April 8, San Mateo, CA: I'm reading an interesting book about the "dark side" of humans. Really thought provoking. The book begins by suggesting that each person has both "dark" and light sides. The dark side encompasses those traits which we have learned, though socialization or rearing or both, are negative. Bad traits. Things that we should aspire to be rid of. But if we can acknowledge that we all have tendencies that fall into that darkness, then we may only be convincing ourselves to hide that darkness, whatever it may be. So the book goes on further to suggest that we shouldn't try to hide any parts of ourselves; it leads to self-judgment when the inevitable offensive emotion surfaces, which turns into judgment of others. In a nutshell, the dark side owns you because you refuse to own it, coming up at the most inopportune times. These are issues that I have become increasingly aware of in myself. The self-judgment, the judgment of others, then tendency to be disgusted by seeing your "dark" traits manifest in another person. Its all very familiar and part of what Ive been exploring over the past few months. But the new idea being presented to me is to embrace, not just accept, those traits you've always been taught were worthless or evil. And not only that...the book suggests that those "dark" traits are actually just over-expressed parts of your personality. The may be misplaced and outsized for desired interaction, but learning what is valuable about them can help you, first, love all of yourself and, second, use them in a positive way.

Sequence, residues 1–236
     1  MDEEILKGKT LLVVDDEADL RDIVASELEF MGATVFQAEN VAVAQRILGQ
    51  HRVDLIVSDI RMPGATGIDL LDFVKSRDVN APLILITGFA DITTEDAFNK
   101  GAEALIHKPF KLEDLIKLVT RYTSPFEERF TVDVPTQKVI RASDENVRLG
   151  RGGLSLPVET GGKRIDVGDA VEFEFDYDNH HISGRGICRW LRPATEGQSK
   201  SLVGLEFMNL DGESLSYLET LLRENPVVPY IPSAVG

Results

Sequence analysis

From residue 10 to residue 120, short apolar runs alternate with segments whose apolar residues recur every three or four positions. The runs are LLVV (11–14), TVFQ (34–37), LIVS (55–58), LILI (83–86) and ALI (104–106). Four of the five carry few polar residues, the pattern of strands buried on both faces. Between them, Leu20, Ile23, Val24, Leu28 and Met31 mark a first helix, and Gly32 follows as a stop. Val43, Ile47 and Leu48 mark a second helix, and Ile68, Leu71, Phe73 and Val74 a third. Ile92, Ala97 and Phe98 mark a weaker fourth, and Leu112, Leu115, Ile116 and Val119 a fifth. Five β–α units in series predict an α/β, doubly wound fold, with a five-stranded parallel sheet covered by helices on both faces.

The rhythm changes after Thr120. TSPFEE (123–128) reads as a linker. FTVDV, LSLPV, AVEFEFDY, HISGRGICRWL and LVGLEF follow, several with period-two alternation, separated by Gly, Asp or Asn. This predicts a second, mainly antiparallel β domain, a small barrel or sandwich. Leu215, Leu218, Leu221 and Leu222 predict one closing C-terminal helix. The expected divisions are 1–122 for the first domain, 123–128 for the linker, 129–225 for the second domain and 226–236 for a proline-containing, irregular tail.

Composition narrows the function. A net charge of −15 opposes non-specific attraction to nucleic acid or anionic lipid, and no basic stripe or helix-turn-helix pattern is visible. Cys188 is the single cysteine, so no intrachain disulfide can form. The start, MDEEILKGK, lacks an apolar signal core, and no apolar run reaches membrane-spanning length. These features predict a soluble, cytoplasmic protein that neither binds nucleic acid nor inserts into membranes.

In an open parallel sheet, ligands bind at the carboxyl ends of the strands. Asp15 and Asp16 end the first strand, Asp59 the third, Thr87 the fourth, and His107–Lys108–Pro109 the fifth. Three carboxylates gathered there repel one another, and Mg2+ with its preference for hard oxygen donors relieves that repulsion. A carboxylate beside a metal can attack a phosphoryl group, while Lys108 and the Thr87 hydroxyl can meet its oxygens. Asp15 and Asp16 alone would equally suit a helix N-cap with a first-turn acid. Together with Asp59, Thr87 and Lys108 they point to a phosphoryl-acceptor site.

I was thinking about this in the context of myself. One thing that I've always said is that I don't like to be the center of attention. The reason that people gather in a place. But I think what has really been true is that I have never wanted to be perceived as someone who craved attention. But sometimes I do. For years, I had never had a birthday party. Then, two years ago, my girlfriend at the time threw a very small one for me. It was such a wonderful gesture, I loved it, and it was a very emotional experience for me, but somehow I didn't feel deserving. I wanted to feel loved and celebrated, but I felt a bit guilty about it when it happened. Was it because I didn't like the attention or because I didn't want to like it? I don't really know. Fast forward to last Friday...I remember being at the gallery and being the reason that people had come together. It was wonderful. But I still think I am made a little more comfortable when I tell myself that people showed up to see my images, and not me. I know that is a silly notion to apply to my friends who care about me, but I am not sure I'm ready to embrace the part of me that does like being the center of attention. I can see how doing so could help me channel the impulse. Instead of being a poor listener at times, and turning conversations back to being about me, I might not feel such a need. Instead of the need for attention surfacing when I don't want it to, I can display it if and when it makes sense. Apparently there's a time and a place for everything, according to the author. Even hate. There's an interesting idea.